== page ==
This included Wiki Leaks volunteers placing an encrypted file containing all Wiki Leaks data online as "insurance" in July 2010, in case something happened to the organization.
In February 2011 David Leigh of The Guardian published the encryption passphrase in a book; he had received it from Assange so he could access a copy of the Cablegate file, and believed the passphrase was a temporary one, unique to that file.
The Washington Post reported that it also requested permission to see the documents, but was rejected for undisclosed reasons.
saying there was an agreement between the newspapers for simultaneous publication of the "internationally relevant" documents, but that each newspaper was free to select and treat those documents that primarily relate to its own country.
While it is unclear how it received the documents, they were apparently not obtained directly from Wiki Leaks.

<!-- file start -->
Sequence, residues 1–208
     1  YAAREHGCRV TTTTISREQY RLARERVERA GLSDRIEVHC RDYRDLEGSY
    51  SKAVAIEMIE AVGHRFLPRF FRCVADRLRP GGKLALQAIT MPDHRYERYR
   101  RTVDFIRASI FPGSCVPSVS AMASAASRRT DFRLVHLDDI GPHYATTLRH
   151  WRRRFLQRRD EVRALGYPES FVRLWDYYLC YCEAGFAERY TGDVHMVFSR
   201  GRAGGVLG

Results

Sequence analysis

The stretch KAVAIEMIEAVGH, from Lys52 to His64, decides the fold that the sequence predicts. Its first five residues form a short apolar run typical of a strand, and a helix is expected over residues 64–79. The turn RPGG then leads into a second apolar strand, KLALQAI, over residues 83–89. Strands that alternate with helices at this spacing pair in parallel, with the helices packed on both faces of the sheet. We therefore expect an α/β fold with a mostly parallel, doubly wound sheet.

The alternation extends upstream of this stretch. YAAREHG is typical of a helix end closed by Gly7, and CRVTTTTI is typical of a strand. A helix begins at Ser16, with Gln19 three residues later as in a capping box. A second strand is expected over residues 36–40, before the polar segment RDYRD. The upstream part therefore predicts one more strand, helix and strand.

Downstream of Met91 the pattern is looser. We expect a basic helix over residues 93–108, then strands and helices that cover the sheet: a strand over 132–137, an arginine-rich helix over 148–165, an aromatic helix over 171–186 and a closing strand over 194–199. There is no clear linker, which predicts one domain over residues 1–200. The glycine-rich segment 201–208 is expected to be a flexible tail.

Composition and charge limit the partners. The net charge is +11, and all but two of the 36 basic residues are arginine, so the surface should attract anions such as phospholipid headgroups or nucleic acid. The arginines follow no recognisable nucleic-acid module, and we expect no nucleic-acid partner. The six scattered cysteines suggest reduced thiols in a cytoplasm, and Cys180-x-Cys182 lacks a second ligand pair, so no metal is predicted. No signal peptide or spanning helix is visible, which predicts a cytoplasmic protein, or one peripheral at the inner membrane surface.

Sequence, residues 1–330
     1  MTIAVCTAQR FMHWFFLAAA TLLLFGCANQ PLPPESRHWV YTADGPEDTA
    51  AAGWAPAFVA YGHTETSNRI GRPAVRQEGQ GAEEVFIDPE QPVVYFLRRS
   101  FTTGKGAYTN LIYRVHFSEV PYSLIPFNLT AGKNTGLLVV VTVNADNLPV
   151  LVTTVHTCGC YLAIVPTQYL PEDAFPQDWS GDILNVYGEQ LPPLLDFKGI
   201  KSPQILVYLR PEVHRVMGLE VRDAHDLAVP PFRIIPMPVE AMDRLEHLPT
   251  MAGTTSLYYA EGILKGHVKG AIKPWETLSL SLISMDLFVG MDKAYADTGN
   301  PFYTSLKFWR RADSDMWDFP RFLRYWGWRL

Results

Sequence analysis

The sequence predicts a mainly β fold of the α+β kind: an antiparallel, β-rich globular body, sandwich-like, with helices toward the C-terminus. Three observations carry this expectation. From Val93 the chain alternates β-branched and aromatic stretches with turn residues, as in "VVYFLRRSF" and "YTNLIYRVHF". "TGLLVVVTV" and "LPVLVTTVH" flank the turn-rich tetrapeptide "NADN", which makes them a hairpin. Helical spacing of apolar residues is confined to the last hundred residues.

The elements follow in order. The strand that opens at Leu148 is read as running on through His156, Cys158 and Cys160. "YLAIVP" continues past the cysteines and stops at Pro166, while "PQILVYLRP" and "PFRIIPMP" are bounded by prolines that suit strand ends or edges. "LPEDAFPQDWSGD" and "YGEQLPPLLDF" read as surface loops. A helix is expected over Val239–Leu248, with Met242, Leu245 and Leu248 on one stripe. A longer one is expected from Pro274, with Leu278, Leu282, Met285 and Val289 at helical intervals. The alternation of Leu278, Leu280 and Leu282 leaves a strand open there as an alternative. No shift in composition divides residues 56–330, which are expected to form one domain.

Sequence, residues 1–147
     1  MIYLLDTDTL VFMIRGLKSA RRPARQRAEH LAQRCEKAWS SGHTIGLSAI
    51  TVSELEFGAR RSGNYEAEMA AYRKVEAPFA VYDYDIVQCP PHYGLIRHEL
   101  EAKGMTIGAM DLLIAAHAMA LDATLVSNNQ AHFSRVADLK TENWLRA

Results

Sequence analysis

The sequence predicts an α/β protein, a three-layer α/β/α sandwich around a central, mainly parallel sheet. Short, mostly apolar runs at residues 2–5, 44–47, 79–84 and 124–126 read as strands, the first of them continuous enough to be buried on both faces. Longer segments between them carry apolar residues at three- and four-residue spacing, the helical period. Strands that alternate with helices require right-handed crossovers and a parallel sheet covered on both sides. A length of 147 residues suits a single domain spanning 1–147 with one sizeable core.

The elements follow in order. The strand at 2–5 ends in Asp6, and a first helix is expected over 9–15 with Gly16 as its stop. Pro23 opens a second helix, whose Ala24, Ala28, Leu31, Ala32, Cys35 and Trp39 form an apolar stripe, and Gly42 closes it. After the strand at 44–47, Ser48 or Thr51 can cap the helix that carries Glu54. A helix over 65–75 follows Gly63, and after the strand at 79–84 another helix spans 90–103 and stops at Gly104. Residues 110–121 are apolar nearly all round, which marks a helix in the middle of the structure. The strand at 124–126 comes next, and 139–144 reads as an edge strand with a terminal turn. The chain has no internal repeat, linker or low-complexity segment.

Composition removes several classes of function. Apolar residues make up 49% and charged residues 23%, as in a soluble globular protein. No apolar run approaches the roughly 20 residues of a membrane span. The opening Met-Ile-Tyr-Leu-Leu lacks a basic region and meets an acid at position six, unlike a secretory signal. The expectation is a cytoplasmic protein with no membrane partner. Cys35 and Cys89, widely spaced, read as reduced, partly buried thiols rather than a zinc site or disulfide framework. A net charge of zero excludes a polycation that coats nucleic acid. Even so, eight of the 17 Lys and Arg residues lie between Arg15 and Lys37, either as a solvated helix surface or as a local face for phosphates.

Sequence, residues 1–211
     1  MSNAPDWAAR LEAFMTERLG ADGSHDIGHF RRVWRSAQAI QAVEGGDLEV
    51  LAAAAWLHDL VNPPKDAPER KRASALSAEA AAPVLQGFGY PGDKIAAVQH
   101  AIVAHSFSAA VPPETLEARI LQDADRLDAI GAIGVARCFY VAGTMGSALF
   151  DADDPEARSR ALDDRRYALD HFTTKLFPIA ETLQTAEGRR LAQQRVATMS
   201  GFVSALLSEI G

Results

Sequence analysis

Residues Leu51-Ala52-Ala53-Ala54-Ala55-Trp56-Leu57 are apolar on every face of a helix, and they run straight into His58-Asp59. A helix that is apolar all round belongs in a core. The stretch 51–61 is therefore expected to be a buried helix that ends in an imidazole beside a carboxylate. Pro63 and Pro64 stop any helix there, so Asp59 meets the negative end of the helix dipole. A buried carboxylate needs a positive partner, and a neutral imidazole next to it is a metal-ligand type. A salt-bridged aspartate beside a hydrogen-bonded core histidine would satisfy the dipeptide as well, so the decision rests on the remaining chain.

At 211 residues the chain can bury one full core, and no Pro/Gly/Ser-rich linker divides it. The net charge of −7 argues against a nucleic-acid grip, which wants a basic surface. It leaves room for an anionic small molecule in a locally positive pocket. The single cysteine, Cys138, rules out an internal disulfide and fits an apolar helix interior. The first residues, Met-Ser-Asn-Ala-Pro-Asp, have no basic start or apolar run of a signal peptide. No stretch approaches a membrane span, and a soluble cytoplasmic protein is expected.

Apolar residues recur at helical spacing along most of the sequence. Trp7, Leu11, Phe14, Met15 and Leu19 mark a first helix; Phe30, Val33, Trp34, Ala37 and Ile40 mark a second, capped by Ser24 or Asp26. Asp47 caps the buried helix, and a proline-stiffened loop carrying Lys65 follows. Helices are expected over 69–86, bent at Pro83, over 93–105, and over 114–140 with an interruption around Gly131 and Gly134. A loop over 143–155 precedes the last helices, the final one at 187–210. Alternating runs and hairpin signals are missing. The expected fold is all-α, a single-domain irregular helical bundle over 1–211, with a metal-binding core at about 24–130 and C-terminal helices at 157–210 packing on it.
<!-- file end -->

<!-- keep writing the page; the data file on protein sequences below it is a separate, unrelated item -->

In it, Leigh revealed the encryption key Assange had given him.The full set of cables published by Wiki Leaks can be browsed and searched by a variety of websites, see Sites offering search capabilities. The diplomatic cables revealed numerous unguarded comments and revelations: critiques and praises about the host countries of various U. embassies, discussion and resolutions towards ending ongoing tension in the Middle East, efforts for and resistance against nuclear disarmament, actions in the War on Terror, assessments of other threats around the world, dealings between various countries, U. S.-led invasion of Iraq in 2003, in apparent violation of international treaties prohibiting spying at the UN.due to its unflattering portrayal of the site's founder, but The Guardian decided to share coverage, citing earlier cooperation while covering the Afghan and Iraqi war logs.In response, Wiki Leaks decided on 1 September 2011 to publish all 251,287 unedited documents.The publication of the cables was the third in a series of U. classified document "mega-leaks" distributed by Wiki Leaks in 2010, following the Afghan War documents leak in July, and the Iraq War documents leak in October. when Wiki Leaks—a non-profit organization that publishes submissions from anonymous whistleblowers—began releasing classified cables that had been sent to the U. State Department by 274 of its consulates, embassies, and diplomatic missions around the world. For reactions to the leak, see Reactions to the United States diplomatic cables leak.However, by June 2010, The Guardian had been offered "half a million military dispatches from the battlefields of Afghanistan and Iraq. Department of Defense's classified version of the civilian internet. 15 Sep: Daniel Domscheit-Berg formally leaves Wiki Leaks.There might be more after that, including an immense bundle of confidential diplomatic cables", and Alan Rusbridger, the editor of The Guardian had contacted Bill Keller, editor of The New York Times, to see if he would be interested in sharing the dissemination of the information. Documents marked "top secret" are not included in the system. Department of State, via his lawyer Jennifer Robinson, inviting them to "privately nominate any specific instances (record numbers or names) where it considers the publication of information would put individual persons at significant risk of harm that has not already been addressed". Sep: Wiki Leaks volunteer gives Heather Brooke Cablegate file access.Later that year, Julian Assange, Wiki Leaks' editor-in-chief, reached an agreement with media partners in Europe and the United States to publish the rest of the cables in redacted form, removing the names of sources and others in vulnerable positions.On 28 November, the first 220 cables were published under this agreement by El País (Spain), Der Spiegel (Germany), Le Monde (France), The Guardian (United Kingdom) and The New York Times (United States).